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Recently I was talking with a friend of mine who runs a well-known Boston video production company. Our conversation got me thinking about videos on translated websites and the question many companies have: “What do we do with videos on our translated website?”
The ideal answer to that question is you translate your video into all the languages you have on your website. If you leave them in English only, you’ll miss speaking to your visitors in the right language and they will leave your site. You’ve spent the time and money to create these great videos, so you’ll want to make sure they reach their audience.
Video Translation Options
You have two choices for how you can translate your videos:
Add translated subtitles: Adding subtitles is the less expensive option, especially if you already have a written script and you don’t need to pay to transcribe it. Once you have the English script or transcription, send it to your professional translator to get it translated and then it’s a simple edit to add the subtitles to the video.
Do a voice-over: A voice-over entails getting the script or transcription translated, hiring the foreign language speaking voice talent, recording the audio and then dubbing the video with the new foreign language track.
Both are good options depending on the use of your video. Voice-overs have a few extra steps yet may be worth it depending on your audience.
When to Use Voice-Overs Versus Subtitles
If you’re targeting a millennial crowd it’s better to do a voice-over. Younger audiences’ attention may be be split because they are often multitasking. As they’re playing the videos, they are often also texting, on social media, or doing other tasks simultaneously. With a voice-over they can actively listen to the message and don’t have to read along.
Subtitles work well when you’re targeting an international audience or foreign language speakers in the U.S. Unlike English, speaking U.S. audiences, international audiences are used to reading subtitles because Hollywood distributes movies into other countries with subtitles, so it’s more common and will feel familiar.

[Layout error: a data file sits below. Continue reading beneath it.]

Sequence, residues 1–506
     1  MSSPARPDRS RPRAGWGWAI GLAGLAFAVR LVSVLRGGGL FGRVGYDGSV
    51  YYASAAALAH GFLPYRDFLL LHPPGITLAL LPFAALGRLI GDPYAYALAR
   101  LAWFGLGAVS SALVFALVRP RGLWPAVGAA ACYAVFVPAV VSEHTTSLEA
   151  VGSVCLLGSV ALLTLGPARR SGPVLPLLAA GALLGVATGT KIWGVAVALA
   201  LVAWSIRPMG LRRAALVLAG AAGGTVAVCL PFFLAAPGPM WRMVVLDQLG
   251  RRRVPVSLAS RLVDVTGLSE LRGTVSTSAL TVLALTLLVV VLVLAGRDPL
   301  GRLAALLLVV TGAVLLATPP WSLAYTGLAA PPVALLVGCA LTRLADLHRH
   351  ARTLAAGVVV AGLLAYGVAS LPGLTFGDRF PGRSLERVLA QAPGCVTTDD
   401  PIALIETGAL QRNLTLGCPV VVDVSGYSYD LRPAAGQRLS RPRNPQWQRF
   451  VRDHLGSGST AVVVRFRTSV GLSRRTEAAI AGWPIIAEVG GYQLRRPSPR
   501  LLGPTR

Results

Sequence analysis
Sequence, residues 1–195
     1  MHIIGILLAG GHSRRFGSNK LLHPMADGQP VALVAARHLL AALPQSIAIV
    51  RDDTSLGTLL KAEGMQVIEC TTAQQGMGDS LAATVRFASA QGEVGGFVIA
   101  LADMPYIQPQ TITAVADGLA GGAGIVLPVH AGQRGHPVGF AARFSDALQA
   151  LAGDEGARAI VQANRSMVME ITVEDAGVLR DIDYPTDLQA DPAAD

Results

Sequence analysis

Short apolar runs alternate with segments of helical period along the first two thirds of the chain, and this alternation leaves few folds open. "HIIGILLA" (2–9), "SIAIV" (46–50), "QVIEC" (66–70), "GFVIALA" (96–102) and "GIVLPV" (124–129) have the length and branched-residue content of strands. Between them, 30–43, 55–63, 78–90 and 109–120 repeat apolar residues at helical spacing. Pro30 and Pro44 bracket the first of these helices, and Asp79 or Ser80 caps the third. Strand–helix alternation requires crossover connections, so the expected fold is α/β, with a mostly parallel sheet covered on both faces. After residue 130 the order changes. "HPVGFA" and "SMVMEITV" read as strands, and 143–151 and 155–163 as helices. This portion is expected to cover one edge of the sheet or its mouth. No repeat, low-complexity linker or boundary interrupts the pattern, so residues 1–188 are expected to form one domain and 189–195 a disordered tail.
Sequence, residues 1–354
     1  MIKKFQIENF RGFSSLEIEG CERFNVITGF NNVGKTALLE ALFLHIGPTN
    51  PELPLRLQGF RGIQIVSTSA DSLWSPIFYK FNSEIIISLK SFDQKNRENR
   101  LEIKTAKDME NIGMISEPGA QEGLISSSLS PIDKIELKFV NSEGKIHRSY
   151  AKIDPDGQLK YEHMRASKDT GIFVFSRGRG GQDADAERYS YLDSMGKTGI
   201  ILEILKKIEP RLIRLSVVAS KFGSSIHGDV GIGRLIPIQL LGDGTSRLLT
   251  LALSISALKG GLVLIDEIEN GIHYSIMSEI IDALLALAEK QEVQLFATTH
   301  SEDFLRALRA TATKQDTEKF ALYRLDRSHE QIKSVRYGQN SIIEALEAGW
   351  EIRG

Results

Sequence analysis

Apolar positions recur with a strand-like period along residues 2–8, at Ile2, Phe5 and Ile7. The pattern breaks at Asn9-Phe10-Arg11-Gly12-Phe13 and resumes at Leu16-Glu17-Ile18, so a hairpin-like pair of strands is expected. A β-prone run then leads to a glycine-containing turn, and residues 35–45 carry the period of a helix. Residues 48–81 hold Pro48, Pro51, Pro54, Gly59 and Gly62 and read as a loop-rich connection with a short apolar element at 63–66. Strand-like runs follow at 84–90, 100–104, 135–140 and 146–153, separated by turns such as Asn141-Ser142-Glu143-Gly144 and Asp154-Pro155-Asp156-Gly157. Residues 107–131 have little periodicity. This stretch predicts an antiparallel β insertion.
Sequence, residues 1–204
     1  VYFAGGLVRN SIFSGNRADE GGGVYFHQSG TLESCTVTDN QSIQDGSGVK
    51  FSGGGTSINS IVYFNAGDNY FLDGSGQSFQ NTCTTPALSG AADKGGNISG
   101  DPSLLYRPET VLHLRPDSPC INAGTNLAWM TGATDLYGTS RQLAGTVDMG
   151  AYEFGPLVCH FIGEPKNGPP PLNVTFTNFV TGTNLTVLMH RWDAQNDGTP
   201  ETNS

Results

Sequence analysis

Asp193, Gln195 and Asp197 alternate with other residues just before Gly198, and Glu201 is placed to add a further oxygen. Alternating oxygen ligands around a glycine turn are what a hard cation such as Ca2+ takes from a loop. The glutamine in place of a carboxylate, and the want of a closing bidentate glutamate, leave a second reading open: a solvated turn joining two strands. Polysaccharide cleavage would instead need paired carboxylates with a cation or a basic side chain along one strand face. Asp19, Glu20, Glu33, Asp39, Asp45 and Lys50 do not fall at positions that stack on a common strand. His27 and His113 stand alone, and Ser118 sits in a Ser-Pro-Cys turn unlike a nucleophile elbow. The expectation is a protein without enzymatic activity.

If it’s a highly visual video, subtitles might be the better option because the person’s eye is already on the video to understand the information. If your goal is to save costs and still “speak” to your audience – go with subtitling.
Cost of Video Translations
The cost will depend on several variables:
Do you have a written script or do you need to pay for a transcription?
The length of the script/transcription, specifically the number of words to be translated
The target language you want to translate the material into – some languages are more difficult or rare, therefore have a higher cost
Are you doing subtitles or a voice-over?
The cost of the foreign language voice-over talent – do they charge per hour or per word?
Who will add the subtitles or new audio track to the video – the translation agency, a video production agency or will you do it in-house?
Working with a full-service translation agency would be the most cost-effective and efficient solution , as they can manage the project from start to finish and can bundle the costs into a single quote.
A professional agency will make sure the translation is culturally appropriate and that the message is accurate. Additionally, using a foreign language editor who is familiar with the new language to adapt the videos will result in the subtitles and audio being lined-up correctly because they will break the text and audio tracks up appropriately for the new language.